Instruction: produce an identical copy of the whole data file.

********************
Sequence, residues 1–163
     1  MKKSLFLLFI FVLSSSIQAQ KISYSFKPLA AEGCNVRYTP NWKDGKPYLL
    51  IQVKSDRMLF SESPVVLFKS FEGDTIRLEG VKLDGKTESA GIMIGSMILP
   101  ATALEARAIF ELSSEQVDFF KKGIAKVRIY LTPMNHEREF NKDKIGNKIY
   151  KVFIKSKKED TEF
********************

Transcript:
Sequence, residues 1–163
     1  MKKSLFLLFI FVLSSSIQAQ KISYSFKPLA AEGCNVRYTP NWKDGKPYLL
    51  IQVKSDRMLF SESPVVLFKS FEGDTIRLEG VKLDGKTESA GIMIGSMILP
   101  ATALEARAIF ELSSEQVDFF KKGIAKVRIY LTPMNHEREF NKDKIGNKIY
   151  KVFIKSKKED TEF